Friday, April 11, 2014

I Can't Believe This

My School days have been good. No, more than that, they were special. I was privileged to have parents who didn't just see "education" as numbers and letters in a textbook, or a GPA on a page. They looked at my potentials, saw my weakness, lifted me up before God, and did their best to prepare me for the work He had for me to do in life. In short: they were, and are, amazing.

As in everyone's school years, though, there were days when I would look up from my torturous math book, and stare off into space. Drowning in self-pity, I would try to imagine how it would feel to be done with school forever - Confident? Free? Exultant? Every eye turned approvingly in my direction as I received the coveted diploma. What would I do next? The choices were all mine now.

This morning I woke slowly, and lay still, like I normally do, trying to grasp at reality with a groggy, slow-wakening mind. While reluctantly losing ground on the ambition of going back to sleep, a fact repeated itself a few times in my head. "Today is your last day of school."

It's taken all day for reality to sink in. I didn't believe it when Mom asked "So how does it feel?" or when a friend called and gave her congratulations. Numbly, I walked through the day, unable to quite understand it all.

To some, school is "school." Boring. Meaningless. For me, as a homeschooler, life revolved around it - a struggle to achieve every day, a feeling of success we made it through. It forever challenged me to reach farther than the realm of my comfort zone - and I needed it. Really, if there were an all-important list of lessons that I could pinpoint as "most meaningful" from this journey, perseverance would be pretty close to the top.

The other day Mom and I were folding laundry in the basement. Grabbing a clean wash cloth out of the basket, I straightened. "Mom, didn't you ever feel like giving up?"

She had a calm, grim look on her face as she answered, "Yes. But you just keep going."

Yes. Keep going: when I couldn't read one more phonics page, when Mom and I cried over decimals together, when certain learning strategies were impossible, when the schedule was full, and energy was "empty." We prayed, we cried and we kept going. Somehow, we made it.

Sitting here, still dazed and unable to fathom what just happened, I feel incredibly in awe of all the grace I've been shown. Grace from my parents - when they didn't know what to do with me. Grace from God - that held all three of us and became my tie-post.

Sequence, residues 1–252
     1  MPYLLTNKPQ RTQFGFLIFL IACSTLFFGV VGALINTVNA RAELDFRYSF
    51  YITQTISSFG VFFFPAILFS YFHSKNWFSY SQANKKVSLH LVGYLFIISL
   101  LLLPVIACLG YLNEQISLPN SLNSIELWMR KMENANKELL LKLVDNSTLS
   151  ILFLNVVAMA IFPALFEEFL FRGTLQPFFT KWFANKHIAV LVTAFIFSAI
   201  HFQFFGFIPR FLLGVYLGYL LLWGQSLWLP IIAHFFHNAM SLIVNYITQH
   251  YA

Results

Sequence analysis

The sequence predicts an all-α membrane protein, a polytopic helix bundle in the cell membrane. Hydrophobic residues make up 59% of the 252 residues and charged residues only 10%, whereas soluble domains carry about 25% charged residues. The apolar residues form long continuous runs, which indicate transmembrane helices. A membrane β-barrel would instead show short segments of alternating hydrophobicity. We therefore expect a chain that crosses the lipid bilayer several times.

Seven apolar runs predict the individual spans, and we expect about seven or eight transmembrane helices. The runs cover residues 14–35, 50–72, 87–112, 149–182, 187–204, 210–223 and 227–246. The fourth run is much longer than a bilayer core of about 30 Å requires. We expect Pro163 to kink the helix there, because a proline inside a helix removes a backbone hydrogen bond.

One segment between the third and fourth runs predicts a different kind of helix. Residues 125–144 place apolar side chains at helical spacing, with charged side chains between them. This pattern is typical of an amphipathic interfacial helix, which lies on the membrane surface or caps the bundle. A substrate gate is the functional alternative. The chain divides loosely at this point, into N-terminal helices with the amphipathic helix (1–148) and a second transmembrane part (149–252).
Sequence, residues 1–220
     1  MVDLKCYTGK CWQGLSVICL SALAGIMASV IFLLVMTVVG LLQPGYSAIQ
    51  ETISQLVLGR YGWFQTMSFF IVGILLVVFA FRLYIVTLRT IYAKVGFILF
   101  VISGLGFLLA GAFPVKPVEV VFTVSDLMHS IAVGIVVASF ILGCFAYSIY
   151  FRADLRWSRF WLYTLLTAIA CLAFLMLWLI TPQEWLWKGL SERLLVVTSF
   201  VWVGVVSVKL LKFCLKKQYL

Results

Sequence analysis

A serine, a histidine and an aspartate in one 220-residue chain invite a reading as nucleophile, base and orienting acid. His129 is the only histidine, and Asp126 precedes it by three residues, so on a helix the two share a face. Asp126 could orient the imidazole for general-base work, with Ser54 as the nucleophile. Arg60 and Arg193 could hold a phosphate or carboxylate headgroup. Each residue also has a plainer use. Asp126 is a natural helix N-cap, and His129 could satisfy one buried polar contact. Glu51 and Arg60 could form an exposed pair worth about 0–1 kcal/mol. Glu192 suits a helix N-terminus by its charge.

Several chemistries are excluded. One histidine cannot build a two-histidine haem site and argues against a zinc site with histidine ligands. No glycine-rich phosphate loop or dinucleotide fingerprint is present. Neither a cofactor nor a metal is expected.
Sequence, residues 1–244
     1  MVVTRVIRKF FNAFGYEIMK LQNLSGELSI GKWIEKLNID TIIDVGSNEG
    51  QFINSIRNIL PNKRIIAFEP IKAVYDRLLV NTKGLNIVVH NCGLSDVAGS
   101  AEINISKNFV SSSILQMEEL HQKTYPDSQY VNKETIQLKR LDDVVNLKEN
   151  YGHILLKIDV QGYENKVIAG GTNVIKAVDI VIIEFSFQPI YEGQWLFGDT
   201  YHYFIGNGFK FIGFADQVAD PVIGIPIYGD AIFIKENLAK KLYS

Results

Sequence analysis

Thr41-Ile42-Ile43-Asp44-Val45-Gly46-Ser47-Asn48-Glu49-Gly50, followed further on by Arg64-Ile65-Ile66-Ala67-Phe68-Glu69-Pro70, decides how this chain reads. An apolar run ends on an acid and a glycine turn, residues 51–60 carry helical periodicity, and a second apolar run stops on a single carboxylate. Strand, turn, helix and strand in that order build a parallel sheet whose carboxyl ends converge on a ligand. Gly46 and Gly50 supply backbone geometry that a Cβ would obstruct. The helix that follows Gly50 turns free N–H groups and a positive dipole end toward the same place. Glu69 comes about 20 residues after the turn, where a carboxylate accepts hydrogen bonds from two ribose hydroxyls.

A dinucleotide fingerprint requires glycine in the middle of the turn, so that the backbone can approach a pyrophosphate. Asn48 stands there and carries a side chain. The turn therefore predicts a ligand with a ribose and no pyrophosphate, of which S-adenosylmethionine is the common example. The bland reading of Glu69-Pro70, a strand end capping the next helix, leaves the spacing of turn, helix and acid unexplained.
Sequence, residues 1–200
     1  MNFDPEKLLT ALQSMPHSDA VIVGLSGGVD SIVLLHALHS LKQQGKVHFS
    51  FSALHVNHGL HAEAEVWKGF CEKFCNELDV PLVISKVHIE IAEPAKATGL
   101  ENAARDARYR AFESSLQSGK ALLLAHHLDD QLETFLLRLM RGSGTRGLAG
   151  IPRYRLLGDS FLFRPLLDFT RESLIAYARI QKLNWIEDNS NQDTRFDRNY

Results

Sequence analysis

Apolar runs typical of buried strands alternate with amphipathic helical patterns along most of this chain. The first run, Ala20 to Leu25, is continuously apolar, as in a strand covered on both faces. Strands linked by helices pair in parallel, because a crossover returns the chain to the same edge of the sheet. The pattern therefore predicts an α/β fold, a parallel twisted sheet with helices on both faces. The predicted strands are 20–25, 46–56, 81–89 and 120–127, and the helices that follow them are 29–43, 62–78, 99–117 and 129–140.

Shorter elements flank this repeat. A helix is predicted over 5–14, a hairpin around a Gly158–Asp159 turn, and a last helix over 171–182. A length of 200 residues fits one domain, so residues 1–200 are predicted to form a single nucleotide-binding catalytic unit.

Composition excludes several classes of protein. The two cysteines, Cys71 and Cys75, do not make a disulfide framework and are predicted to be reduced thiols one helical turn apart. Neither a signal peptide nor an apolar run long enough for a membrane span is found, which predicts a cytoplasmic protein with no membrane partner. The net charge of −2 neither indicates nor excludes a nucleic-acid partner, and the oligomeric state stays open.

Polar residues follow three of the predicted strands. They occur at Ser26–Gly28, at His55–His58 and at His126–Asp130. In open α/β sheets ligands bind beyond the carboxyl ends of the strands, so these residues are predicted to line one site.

See, our homeschool wasn't "normal." (In fact, "normal" has had almost no play in any part of my life.) It had a huge, emphasis on the three R's - but it had a deeper focus on salvation and character. I remember times when Mom would just stop everything she was doing, sit down, and start praying. She got results. Dad got results. That was one of the first things that sparked a question about my walk with God - what about my prayers? Would they get results?

Ultimately, our school had very little to do with us and what was "comfortable." It had nothing to do with Mom and Dad wanting us to make a better academic performance than other kids. It had everything to do with raising us in the admonition of Christ. It wasn't easy, it wasn't all fun and games, (although there was a great deal of that, too) and, sometimes, it was downright hard. In spite of it all, they prayed me through - and that's why I am who I am today. Providence.

Mom and Dad, I just want to say thank you, so much. Nobody will ever know how much your encouragement, guidance and patience have molded my life. There's not words to express how thankful I am that you kept going when I was impossible. Thank you for being such Godly examples for me and leading me to Christ. I love you both.

Always your little girl,


Anna said...

@Alisha Ann

Woo-hoo! Congrats on finishing - it's a crazy feeling, isn't it?!

(Sorry. I thought I hit "publish" but, apparently, clicked "delete" by mistake. :P)

Bethany said...

Congratulations!!! You did it! I'm completely relieved that you still maintained your sanity and haven't broken down into a sentimental mess. . .I'm thoroughly dreading graduation day because I'll positively use every Kleenex in the house. But you give me hope that graduating can be normal. :)

And that last picture is adorable, FYI.